June 7, 2010 | BITE: My Journal

Hampton Eats: Summer on the Half Shell

Navy Beach’s Seafood and Chips is an upgrade on the classic. Photo: Steven Richter
Navy Beach’s seafood and chips is an upgrade on the classic. Photo: Steven Richter

        As if to make up for all curses unleashed upon the Hamptons commuter – stock market cyclone rides, Madoff, sluggish real estate, too many charity benefits – the weekend’s predicted storms backed off on Thursday. The morning air was fresh and cool. An entire holiday weekend without rain, oh, maybe a few drops: A miracle. It was as if humidity had not yet been invented. Lunch at Navy Beach, an old spot on the beach in its newest incarnation was a miracle too.

       We are staying with friends who live year-round in an East Hampton cul de sac. It’s bliss, a thousand miles from the summer rat race.  We decide to ignore the voice of the GPS looking for the odd turn-off to the restaurant and get lost in a Dogpatch just west of Montauk’s center. Hmm. And the Post sees Montauk fast becoming the next chic Hampton. 

I suspect this is the last tranquil weekend moment at Navy Beach. Photo: Steven Richter

        Ah, at last. The low-slung rectangle with faux portholes is empty at lunch. (Possibly for the last time this summer.) Drawn by a hazy aura at the front window, sun brightening the grey-blue bay, we traipse out onto the beach, five of us, granted our choice of umbrella’d tables. An intrepid gull patrols the sand. We are given menus, water.  A trio of summer nymphs ignore us, busy stuffing napkins and plastic cutlery into cardboard Corona beer cartons for the anticipated weekend crush.  We have to lasso a server to take our order. But so what? It’s the beach. We’re mellow.

Chef LaBue’s triumph of local clams, chorizo, beans and a hint of butter. Photo: Steven Richter

        Expecting clams on the half shell – I read the menu too fast - I’m mystified by clams in broth with clots of tomato and white beans set in front of me: “What is this?” Till I taste. “Oh migod,” I cry. “This is amazing.”  Everyone looks up, startled. How fresh can clams be? How perfectly cooked? Tomato tang playing against a lush, sweet broth – olive oil glazed by a last gloss of butter, with slivers of fennel and chunks of chorizo. Now all of us are onto the drift of deliciousness.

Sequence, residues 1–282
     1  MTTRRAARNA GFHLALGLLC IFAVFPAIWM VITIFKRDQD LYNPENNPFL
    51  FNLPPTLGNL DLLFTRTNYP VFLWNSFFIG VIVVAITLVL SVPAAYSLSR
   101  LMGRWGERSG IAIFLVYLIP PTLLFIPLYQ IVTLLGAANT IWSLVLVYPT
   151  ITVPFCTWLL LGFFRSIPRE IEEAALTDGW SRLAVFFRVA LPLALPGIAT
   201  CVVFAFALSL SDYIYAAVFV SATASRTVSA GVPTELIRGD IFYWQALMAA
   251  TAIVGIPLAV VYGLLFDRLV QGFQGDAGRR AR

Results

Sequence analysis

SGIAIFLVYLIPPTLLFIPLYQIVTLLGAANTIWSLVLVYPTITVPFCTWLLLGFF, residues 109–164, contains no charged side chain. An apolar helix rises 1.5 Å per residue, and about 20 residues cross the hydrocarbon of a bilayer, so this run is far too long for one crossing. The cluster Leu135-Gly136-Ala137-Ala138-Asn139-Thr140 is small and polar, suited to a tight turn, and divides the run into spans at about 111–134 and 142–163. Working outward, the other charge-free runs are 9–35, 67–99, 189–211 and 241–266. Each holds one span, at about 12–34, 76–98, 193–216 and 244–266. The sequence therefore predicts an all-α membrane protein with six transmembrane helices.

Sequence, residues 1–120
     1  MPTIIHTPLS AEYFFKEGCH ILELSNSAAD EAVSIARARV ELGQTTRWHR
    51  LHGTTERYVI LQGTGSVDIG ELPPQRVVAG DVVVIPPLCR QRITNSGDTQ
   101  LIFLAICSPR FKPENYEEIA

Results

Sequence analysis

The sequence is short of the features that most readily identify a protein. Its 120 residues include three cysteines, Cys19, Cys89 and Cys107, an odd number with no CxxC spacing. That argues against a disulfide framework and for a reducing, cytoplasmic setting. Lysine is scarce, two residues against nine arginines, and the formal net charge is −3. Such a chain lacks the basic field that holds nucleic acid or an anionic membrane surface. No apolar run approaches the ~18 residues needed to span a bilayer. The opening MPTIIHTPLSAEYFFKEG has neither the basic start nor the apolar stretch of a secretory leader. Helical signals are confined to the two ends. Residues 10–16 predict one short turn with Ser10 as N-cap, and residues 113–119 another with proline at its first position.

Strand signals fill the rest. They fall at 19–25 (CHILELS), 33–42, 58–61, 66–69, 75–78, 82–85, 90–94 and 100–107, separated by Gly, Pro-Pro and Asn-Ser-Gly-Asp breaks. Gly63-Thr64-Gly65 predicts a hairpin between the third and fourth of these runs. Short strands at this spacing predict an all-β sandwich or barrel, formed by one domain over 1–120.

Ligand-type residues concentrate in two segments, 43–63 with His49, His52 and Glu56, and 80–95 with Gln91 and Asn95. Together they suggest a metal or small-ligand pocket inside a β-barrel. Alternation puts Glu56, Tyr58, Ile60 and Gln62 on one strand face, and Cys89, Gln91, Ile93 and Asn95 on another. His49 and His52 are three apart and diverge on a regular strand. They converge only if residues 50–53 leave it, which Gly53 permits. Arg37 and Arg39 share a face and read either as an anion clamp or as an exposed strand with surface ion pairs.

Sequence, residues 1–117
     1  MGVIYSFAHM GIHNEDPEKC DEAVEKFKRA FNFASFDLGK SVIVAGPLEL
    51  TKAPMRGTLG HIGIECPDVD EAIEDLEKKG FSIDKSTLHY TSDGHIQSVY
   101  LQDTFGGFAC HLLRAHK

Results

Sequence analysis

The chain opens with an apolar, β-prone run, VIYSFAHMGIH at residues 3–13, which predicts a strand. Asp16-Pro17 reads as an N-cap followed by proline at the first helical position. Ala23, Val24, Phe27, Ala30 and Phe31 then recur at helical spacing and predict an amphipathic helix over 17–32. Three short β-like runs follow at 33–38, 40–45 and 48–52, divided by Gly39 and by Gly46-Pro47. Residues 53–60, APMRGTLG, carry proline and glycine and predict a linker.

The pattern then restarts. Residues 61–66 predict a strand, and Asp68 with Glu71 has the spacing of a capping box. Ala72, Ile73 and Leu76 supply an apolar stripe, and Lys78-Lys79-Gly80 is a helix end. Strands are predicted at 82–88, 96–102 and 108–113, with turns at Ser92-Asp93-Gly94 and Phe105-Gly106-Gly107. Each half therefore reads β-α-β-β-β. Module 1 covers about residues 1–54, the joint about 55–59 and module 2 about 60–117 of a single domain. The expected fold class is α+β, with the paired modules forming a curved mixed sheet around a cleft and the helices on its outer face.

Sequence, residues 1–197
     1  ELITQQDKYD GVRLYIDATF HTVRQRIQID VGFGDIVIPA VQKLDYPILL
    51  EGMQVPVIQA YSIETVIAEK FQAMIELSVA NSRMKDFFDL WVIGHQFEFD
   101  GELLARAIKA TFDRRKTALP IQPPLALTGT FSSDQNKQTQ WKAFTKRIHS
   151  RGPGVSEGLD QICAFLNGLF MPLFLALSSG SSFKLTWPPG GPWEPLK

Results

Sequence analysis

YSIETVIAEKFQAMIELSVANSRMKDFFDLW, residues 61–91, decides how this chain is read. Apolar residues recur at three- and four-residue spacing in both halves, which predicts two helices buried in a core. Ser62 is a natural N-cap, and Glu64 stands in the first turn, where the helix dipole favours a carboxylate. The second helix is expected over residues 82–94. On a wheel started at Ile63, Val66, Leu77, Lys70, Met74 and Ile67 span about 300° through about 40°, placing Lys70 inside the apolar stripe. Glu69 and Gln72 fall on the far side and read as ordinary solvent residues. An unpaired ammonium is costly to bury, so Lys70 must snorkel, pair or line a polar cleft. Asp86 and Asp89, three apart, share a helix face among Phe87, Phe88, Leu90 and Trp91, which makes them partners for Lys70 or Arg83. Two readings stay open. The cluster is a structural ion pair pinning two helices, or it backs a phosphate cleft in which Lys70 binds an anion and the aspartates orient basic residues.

Farmed salmon from Scotland with a tamarind glaze is delicately rarish, its bland sweetness showing well on a swirl of garlicky noodles and topped with a frizzle of slivered snow peas, shisho sprouts, micro pea shoots and carrot strings. “Seafood and chips” arrive in a basket on a tissue of fake newsprint, with tartar sauce and decent fries alongside: two filets of cod and more splendid shrimp and scallops than you’d expect for $20 in a delicious bubble wrap of slightly sweet and greasy beer batter. Everyone is aggressively attacking a side of truffled macaroni and cheese – cavatappi double loops in a rich sludge of Cabot cheddar, Danish blue and gruyere
arguably too much cheese, I suppose and the truffle is elusive (that’s a plus in my book).  But the  $10 bowl is huge so it’s just as well I’m forced to share.

Ice bucket, white wine, seduction in the sand at Navy Beach. Photo: Steven Richter

        Today’s whole fish is local fluke, cooked the way my friend Howard likes it. He bones it himself and offers me a piece. So fresh. Given these triumphs, the listless corn and clam chowder is a surprise. 

        No one really wants dessert after such excess, but I insist.  My “just one” sundae with home made marshmallow needs more chocolate and peanuts toasted so they’re not so soggy.

       There’s a reason the food is so shockingly good. At the door we meet the chef, Nick & Toni veteran Paul LaBue. He reminisces about cooking alongside Jonathan Waxman, learning from the laid-back master.  Now he’s enjoying Montauk folk ways. “Here they bone the whole fish themselves and don’t ask to have the head cut off like they do in East Hampton,” he says. The recently failed Laundry on the highway was LaBue’s last stop, so the timing was right when the partners here called.  Leyla Merchetto of Scuderia in Soho and her fiancé, Franklin Ferguson, with Frank and Kristina Davis, had talked of bringing in a chef from Napa. Now they realize what a plus it is to have a Hamptons veteran in the kitchen.

16 Navy Road, Montauk. Call for directions. 631 668 6868. Saturday lunch noon to 3 pm. Sunday lunch 12:00 pm to 3 pm.  Limited menu at the bar 3 to 6 pm. Dinner seven days 6 to 11pm.  Weekday lunch starts the last week in June.


Wei More Fun: The Grill on Pantigo

Toot East Hampton turns out for Kevin Pener’s classics at The Grill. Photo: Steven Richter

        Just because Meisterbuilder Ben Krupinski and his wife Bonnie, own most of Easthampton and he has a lock on contracting to the stars, doesn’t mean they haven’t got time to try again on Pantigo Lane with The Grill, hoping to erase memories of Wei Fun, the spot most everyone hated.  By way of insurance they’ve stationed Kevin Penner executive chef at both 1770 House and Cittanouva, to do straightforward American menus at moderate prices. The handsome space with a wall of glass looking out at the terrace helps.  A shiny reflecting ceiling disguises how low it is and old mill gears from France look like archeological treasures on the wall.